And now we wait: FDA CBD Powwow One For the Books

The dust still has not settled from the May 31, full-day FDA hearing on CBD. It’s not obvious whether the meeting of the minds made things clearer or just further muddied the waters.

At the hearing, 120-plus interested professionals spoke in front of 12 FDA bureaucrats in Silver Spring, Md. The majority of witnesses believe the FDA has existing rulemaking tools and should expedite designating CBD as a "dietary supplement." Some want expedited FDA action, or temporary emergency rules, citing the consumer "explosion" of interest.

Everyone wants to see upgraded truth-in-labeling protocols, especially in terms of dosing information. Others would like a national testing regime for safety (and efficacy) helping to push out CBD "online fakers" and quick-buck "CBD private labelers."

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The extensive United Nations' WHO (World Health Organization) review of CBD that verified the cannabinoid as safe and non-addictive was cited by 20-plus of the 130 witnesses, including  Dr. Blair of Elixinol. Blair confirmed his own years of careful patient feedback and concluded little side effects were experienced.

Adverse effects cited in testimony included fatigue or sleepiness, headaches, constipation, diarrhea, adult liver toxicity.

Drug ingredient giant Noramco, a white label supplier of CBD to big pharma, claimed CBD is an ingredient, not a free-standing medicine on its' own. Several speakers stated that Epidiolex is not the same as CBD, and should not be placed in the same analysis category by the FDA.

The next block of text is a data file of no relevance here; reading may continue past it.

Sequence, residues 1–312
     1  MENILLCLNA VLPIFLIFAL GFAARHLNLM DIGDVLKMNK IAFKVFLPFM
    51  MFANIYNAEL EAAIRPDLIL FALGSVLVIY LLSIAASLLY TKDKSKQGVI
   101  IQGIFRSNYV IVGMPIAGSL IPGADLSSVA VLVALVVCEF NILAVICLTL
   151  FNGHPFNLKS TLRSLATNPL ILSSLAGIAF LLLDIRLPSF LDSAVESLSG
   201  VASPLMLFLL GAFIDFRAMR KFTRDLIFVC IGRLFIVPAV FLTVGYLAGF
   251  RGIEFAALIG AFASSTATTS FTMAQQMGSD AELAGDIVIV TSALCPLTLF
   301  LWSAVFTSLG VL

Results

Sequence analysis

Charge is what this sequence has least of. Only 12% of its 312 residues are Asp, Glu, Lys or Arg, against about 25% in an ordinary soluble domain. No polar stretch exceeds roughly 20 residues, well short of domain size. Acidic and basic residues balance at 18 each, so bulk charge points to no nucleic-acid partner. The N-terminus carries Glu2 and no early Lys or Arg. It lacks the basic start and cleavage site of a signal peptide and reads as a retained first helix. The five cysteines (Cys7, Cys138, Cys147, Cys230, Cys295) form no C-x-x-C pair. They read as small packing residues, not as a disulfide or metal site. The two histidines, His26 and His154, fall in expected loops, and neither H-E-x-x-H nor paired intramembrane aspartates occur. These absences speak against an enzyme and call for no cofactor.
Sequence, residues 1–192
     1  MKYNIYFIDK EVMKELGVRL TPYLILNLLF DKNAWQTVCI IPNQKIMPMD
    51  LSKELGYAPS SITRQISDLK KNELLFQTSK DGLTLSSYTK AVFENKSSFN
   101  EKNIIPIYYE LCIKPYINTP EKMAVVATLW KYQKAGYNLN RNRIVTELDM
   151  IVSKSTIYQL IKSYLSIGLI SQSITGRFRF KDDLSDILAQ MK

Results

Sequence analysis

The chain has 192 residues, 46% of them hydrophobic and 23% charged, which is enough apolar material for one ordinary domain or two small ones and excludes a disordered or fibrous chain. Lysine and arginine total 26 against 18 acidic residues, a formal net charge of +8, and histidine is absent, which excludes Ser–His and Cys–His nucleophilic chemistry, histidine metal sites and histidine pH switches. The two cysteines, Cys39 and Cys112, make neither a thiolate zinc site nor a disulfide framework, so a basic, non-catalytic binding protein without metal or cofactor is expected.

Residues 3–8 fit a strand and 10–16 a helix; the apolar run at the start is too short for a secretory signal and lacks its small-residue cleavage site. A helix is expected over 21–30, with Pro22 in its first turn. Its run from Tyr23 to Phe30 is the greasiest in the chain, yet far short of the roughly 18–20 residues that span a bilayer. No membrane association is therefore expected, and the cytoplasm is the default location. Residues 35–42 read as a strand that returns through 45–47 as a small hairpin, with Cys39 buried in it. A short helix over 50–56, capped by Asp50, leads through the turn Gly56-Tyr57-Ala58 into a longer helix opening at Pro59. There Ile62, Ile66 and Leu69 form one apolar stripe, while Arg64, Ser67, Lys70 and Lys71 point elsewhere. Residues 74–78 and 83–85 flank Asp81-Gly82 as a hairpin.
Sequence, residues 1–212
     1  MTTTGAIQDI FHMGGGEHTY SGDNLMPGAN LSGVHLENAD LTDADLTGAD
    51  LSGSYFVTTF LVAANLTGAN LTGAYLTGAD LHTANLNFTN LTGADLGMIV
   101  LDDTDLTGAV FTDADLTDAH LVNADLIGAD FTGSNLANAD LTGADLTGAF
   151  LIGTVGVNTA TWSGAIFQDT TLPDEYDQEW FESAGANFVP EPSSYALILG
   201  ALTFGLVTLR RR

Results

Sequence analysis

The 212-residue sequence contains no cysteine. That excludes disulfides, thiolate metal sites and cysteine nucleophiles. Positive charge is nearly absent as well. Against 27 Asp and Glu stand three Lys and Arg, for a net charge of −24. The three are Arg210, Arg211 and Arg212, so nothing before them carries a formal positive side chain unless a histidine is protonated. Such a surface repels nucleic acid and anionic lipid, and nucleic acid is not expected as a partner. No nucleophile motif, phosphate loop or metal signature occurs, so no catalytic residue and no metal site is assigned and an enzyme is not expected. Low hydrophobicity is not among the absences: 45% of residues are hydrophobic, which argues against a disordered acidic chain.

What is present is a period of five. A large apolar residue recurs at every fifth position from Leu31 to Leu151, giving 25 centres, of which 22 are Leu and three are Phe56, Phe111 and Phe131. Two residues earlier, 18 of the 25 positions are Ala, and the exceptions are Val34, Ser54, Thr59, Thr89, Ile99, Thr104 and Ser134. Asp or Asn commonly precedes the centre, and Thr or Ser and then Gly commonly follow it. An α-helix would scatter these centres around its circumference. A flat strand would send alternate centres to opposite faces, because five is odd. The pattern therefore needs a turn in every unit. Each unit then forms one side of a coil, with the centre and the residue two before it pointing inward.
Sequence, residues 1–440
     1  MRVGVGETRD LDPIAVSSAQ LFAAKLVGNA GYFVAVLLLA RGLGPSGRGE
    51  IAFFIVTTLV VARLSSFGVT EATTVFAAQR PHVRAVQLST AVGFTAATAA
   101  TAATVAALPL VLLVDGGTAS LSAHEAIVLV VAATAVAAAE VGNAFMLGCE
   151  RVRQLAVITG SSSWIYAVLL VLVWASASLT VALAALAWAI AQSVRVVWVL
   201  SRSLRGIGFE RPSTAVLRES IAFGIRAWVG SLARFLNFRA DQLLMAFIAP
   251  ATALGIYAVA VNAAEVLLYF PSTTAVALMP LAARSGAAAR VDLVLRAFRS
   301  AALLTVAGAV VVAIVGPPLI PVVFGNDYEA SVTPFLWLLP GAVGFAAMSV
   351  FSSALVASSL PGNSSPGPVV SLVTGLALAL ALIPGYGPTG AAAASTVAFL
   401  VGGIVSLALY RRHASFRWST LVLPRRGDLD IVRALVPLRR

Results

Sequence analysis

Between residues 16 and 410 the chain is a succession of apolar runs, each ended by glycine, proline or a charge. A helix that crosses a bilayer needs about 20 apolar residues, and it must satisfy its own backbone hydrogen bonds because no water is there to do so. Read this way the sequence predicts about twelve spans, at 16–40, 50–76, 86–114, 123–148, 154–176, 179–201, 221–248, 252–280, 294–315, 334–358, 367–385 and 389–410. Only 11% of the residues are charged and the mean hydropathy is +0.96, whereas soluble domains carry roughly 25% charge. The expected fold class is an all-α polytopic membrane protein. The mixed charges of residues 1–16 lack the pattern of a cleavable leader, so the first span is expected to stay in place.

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Speakers hoping to avoid potential two-to-five-year clinical trials called for expedited approval for New Drug Ingredient or GRAS status claiming that it would enable expeditious research into safety and efficacy. MJNA's Dr. Stuart Titus suggested that more than 2500 studies have been undertaken on medical cannabis or CBD, with more than 10,000 studies conducted on cannabis and terpenes in general.

Several attendees spoke to allowing over-the-counter CBD at a lower dose similar to products such as pain relievers with higher dosing available only through a prescription. However, FDA panelists fired back with concerns that this would not prevent overconsumption if a consumer were to use a variety of CBD-infused products in different forms such as oils, topical, edibles, and drinks on the same day.

With the passage of the 2018 Farm Bill, some are asking why is the FDA involved at all in CBD regulation. Hemp political expert and Washington veteran Ben Droz offered an answer in a comment written this week:

The FDA is in charge of keeping the public safe, not to restrict natural plant extracts. All CBD products should meet a baseline of requirements to be in the market, such as C-GMP manufacturing standards, and trackability of supply chain.  Anything more than that should only apply to pharmaceutical grade dosage {like GW's Epidiolex}, which could be in the hundreds and hundreds of milligrams per day. Importantly—and possibly to reflect the idea that the FDA knows that hemp derived CBD is, in fact, legal—the FDA is not actually holding the meetings and comment period on hemp CBD. Instead, it is “products containing cannabis or cannabis derived compounds.” By using the word “cannabis” rather than the 2019 definition of “hemp,” the FDA is taking comment on all cannabis products. This would show that any testimony or criticism against CBD, would be relating to any “cannabis-derived CBD,” not necessarily including legal, hemp-derived CBD.

A common FDA response to testimony was "please send us more data to back up what you just said." All submissions are due by July 2nd.

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While the FDA ponders the fate of CBD, many experts and politicians are now predicting that there is a strong chance that the federal government will end its four-score-decade-long prohibition of marijuana. Many stakeholders are hoping that the FDA grants CBD GRAS status before that happens.

Dr. Lloyd Covington contributed to this article.

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